The North Star

Omaha North’s Black female leaders of tomorrow

Joseline Albeno, Features Editor

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Rianna Gunter, 12

Rianna Gunter, senior, is one of the few female African American scholars at Omaha North, taking classes like, Honors Anatomy, AP Literature, AP Statistics, AP Government, Honors Career Academy Cap Stone, Honors Pottery, Sociology, and Honors Engineering Design and Development.

“In my classes not everyone looks like me. . . I have that in the back of my mind like a realization. . . I don’t know, it kind of proves I’m smart, too,” says Gunter.

She is also involved with after school activities like, tennis, National Honors Society, club volleyball, and school volleyball.

Like most teenagers, Gunter experiences procrastination, but has techniques to keep herself as stress-free and active as possible.

“I write all of my assignments down on a notebook and the ones that are due next I write that in red, that way I put that as my priority. Then, I just go from there,” said Gunter

Gunter’s parents experienced health issues her junior year which caused her grades to fall. She had to work harder to get back on track and finish out the school year.

“Last year was a little bit of a struggle I would say. I had health issues with my parents that kind of curved my focus from school. I had to get back on track to be able to finish out the year because junior year is important,” said Gunter.

After high school she would like to go to college and become an architect.

“[I want to be an architect] mostly because of the engineering class that I’m taking. . . we did an architecture class and I really liked it, so it helped narrow down what field I want to go to,” said Gunter.

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Christina Short, 11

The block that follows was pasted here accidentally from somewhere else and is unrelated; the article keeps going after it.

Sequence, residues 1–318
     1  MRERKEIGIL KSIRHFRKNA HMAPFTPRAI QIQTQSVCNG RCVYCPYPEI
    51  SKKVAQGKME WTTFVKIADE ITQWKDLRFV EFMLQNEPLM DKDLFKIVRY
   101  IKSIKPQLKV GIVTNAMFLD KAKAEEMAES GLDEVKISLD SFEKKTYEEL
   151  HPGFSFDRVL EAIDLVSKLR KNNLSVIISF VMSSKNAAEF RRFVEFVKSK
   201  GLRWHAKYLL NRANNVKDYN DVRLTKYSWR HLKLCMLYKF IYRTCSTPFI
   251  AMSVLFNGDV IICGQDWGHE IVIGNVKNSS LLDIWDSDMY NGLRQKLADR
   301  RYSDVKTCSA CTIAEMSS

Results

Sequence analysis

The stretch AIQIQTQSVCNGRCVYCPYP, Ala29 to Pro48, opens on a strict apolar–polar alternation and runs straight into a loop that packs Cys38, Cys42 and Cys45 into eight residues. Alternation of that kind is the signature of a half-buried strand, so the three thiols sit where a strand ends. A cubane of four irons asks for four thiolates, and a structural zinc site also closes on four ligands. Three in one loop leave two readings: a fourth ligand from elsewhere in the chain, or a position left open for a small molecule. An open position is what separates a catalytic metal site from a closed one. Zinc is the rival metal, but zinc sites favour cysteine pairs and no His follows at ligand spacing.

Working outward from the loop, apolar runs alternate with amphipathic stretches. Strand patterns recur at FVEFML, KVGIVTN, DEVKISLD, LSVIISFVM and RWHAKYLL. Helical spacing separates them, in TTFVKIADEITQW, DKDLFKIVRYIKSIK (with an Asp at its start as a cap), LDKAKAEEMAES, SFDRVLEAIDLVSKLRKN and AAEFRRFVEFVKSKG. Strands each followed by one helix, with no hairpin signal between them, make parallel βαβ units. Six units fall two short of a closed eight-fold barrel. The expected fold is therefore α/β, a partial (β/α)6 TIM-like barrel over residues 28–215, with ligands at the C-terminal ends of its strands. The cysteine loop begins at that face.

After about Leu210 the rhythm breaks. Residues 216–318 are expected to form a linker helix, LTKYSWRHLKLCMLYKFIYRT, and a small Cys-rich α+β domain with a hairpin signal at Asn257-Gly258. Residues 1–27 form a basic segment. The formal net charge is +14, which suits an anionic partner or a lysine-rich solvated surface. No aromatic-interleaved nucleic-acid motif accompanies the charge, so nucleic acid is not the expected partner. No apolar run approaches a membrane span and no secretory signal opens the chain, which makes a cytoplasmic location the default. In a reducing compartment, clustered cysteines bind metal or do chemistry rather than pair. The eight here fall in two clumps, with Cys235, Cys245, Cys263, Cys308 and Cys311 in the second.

“I have to prove them wrong, I have to go above and beyond. . . I have an extracurricular and I volunteer, and I go to church, I feel like I have to load up on all these extra things to feel as worthy as someone else.”

Christina Short was raised in an all African American women household where she learned everything from walking to understanding her self-worth.

Growing up, Short didn’t know who her father was which meant she didn’t know who half of herself was. She knew her father was Caucasian but didn’t know how she fit into that group. She is taking a class that goes in depth about Black history, which has taught her much about her African American background.

“I come from a divorced family and I don’t really know my dad so I kind of just kept going with my life, like nothing was up. . . I think not living with my dad was actually okay. . . I don’t know, it kind of raised me in a way that he couldn’t. It was also kind of nice living in an all-female household, showed me how to be confident in myself,” said Short.

Coming from a divorced family, Short still managed to impress teachers and people around her. She became involved in her school work and exceeded in many classes.